Attractive couple portrait.It is now well established that social relationships have an important impact on our mental health. In fact, our relationships are the single biggest predictor of our happiness. Recent research has shown that both relationship quantity and quality affect our mental health in positive and negative ways. When considering your own mental health, you may want to ask yourself how much time you are spending with those people who are important to you (quantity) and what that time looks like (quality). Are you being selective in your obligations, prioritizing time with family and friends? When you are with your loved ones, do you make intentional effort to connect through conversation or activities? If you find yourself lacking in this area, find ways to respectfully say no to those things that take you away from relationships and make the effort to connect when you are with those people you care about.

Stress

Stressed BusinesswomanResearch has shown that stress itself is not the culprit of mental health problems; rather, it is the reactions we have to daily stressors that contribute to problems like depression and anxiety. How do you handle these daily stressors? Do you find yourself becoming emotionally or mentally flooded when confronted with seemingly small challenges? You may need to step back and take a look at how you are handling stress. The list of ways to better handle stress is too lengthy for this article, but it includes several things you might expect (e.g., exercise, deep breathing, meditation, etc.). Something else you might try is laughing. Laughter has been shown to have multiple health benefits, including boosting immune system functioning, physiological relaxation, and reduction of pain and stress. Find time to exercise your sense of humor!

Mindset

stress 1Perhaps due to our social nature, we often compare ourselves to those around us. While there may be some benefits to this behavior (e.g., making positive changes to emulate those we admire), we need to guard against the tendency to focus on how we fall short when compared to others. Focusing on what we are lacking often leads to self-interested behaviors aimed at keeping up with the Jones’ in an attempt to measure up. The problem is that this does not lead to our intended outcome and has been shown to negatively impact mental health. Conversely, focusing on giving of ourselves has the opposite effect. For example, several studies have shown that when it comes to money, we report more satisfaction spending it on others rather than ourselves. We also find deep meaning and purpose when we are engaged in meeting the needs of others. Similarly, and ever-growing body of research has shown that focusing on what we do have and expressing gratitude is linked to positive mental health. When was the last time you gave of yourself to better someone else’s life? How often do you take time to reflect on those things for which you are grateful? If your answers reflect a need to rededicate yourself, you might start by developing a regular time to reflect, write, or talk about what you are grateful for. Opportunities to serve others are everywhere, and we often find the hardest part is not having enough time. You may start small by finding ways to serve those closest to you in small but meaningful ways.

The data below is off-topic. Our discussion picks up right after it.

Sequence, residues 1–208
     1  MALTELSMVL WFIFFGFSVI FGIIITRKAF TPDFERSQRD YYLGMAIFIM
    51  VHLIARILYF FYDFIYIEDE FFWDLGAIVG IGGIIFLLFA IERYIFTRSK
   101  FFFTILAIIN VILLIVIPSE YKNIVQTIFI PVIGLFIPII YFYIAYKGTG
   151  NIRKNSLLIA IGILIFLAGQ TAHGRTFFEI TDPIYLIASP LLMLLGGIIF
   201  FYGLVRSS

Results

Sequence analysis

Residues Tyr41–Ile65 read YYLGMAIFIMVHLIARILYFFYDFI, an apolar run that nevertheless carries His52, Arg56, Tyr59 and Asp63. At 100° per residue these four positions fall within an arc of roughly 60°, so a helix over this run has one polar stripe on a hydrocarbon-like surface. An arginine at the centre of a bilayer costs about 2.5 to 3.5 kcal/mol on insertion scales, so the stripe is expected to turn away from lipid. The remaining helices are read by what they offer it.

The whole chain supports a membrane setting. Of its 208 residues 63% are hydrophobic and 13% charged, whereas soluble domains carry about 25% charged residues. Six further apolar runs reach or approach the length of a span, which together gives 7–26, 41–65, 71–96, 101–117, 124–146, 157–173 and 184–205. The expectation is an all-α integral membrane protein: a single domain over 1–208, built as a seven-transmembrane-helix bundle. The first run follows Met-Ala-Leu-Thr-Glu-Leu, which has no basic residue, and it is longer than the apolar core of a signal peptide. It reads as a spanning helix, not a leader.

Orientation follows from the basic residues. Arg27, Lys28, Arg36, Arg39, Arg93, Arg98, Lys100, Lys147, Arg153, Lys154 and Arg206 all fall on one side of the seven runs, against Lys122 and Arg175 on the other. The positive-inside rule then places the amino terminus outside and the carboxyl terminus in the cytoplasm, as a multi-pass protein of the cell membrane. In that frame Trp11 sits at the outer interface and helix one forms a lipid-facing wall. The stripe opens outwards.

Now What?

Hopefully, you have had some time to reflect on areas where you are doing well and some areas where your efforts could lead to increased well-being. As with any positive change we make, something is always better than nothing. No matter how small your change efforts, you are moving in the right direction. Motivation increases as we act and you can create positive feedback loops that lead to improved mental health.

mattAbout the Author: Dr. Matt Brown is a licensed Marriage and Family Therapist. He holds a doctorate degree from Texas Tech University and a master’s degree from Brigham Young University. He is currently Assistant Professor and Program Director in the Marriage and Family Therapy program at the University of Houston-Clear Lake and a therapist at the South Shore Center for Couples and Families.